Pressing football has been a particular feature of the Spanish game in recent years, with the most successful advocates being Barcelona and the Spanish national team, but now it is making an emergence in English and European football. Could it be the way forward?
The performances of Southampton this season have been eye-catching to say the least. They have introduced an interesting, high-tempo, pressing game under Argentine manager Mauricio Pochettino that has paid dividends; they are fifth in the English Premier League, have only conceded three goals (second least only to Roma in the top five European leagues), and have recorded impressive results away to both Liverpool and Manchester United.
However, this is no revelation. It is a brand of football that was employed by the successful Barcelona side managed by Pep Guardiola - arguably the best club side the world has ever seen.
It is, in part, the loss of this pressing side of their game, under manager Tito Vilanova, that led to their demise in European football, and that 7-0 aggregate walloping at the hands of Bayern Munich.
Furthermore, this style has been seen at other top European clubs like Manchester United, Borussia Dortmund and Bayern Munich, both this season and in previous years, although less consistently than it had been seen used by Barcelona.
Is this style the way forward?
There is no doubt that it can be successful, as demonstrated by Barcelona and now Southampton, but would it work for every team? It requires immense work rate, fitness and a sheer willingness to go chasing after the ball and win it back.
It also requires the team to be well organised, tactically aware and it goes hand-in-hand with a short, methodical passing game when in possession of the ball.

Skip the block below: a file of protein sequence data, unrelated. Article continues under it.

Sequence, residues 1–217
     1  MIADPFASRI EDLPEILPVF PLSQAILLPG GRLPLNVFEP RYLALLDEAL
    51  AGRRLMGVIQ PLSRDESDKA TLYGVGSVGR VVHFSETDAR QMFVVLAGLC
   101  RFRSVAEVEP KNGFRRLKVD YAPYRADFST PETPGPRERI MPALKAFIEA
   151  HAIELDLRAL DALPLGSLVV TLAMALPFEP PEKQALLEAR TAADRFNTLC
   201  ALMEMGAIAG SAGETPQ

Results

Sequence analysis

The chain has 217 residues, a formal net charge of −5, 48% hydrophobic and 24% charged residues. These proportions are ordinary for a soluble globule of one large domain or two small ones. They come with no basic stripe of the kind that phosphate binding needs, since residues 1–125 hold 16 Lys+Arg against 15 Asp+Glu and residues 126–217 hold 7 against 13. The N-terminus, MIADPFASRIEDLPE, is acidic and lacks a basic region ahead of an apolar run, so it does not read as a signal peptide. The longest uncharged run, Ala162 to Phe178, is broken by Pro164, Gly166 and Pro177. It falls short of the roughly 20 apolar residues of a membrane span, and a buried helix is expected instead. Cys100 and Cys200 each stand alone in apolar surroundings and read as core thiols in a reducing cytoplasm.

Moreover, it does carry a big risk of being counter attacked, particularly if it is not utilised correctly. This would suggest that it may not be for everyone.
In terms of players, there are some that are just not willing to work off the ball (Dimitar Berbatov springs to mind) and certain teams and managers will not want to use it because it does not suit their style or vision, particularly ones that suit a long, direct passing style.
To conclude, there is no doubt that this style of play can be used effectively and successfully; Barcelona and other top clubs have shown this. However, now Southampton have started using it, it has shown smaller clubs, not in European football, that they can use it and use it effectively.
On the other hand, it might not be every club's cup of tea, they may favour a totally different style to utilise effectively the players that they have. Therefore, it is certainly a way forward, and it almost certainly will become more popular in football generally, particularly if Southampton manage to maintain their current form, but it is not the only way forward.
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